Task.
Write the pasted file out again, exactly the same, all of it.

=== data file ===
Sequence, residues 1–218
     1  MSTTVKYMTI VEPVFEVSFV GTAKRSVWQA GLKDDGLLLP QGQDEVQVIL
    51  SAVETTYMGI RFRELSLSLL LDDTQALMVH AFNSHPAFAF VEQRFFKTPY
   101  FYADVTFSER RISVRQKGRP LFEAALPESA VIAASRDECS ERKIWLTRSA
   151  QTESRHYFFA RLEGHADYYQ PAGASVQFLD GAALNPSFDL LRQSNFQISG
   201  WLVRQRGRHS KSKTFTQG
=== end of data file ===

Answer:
Sequence, residues 1–218
     1  MSTTVKYMTI VEPVFEVSFV GTAKRSVWQA GLKDDGLLLP QGQDEVQVIL
    51  SAVETTYMGI RFRELSLSLL LDDTQALMVH AFNSHPAFAF VEQRFFKTPY
   101  FYADVTFSER RISVRQKGRP LFEAALPESA VIAASRDECS ERKIWLTRSA
   151  QTESRHYFFA RLEGHADYYQ PAGASVQFLD GAALNPSFDL LRQSNFQISG
   201  WLVRQRGRHS KSKTFTQG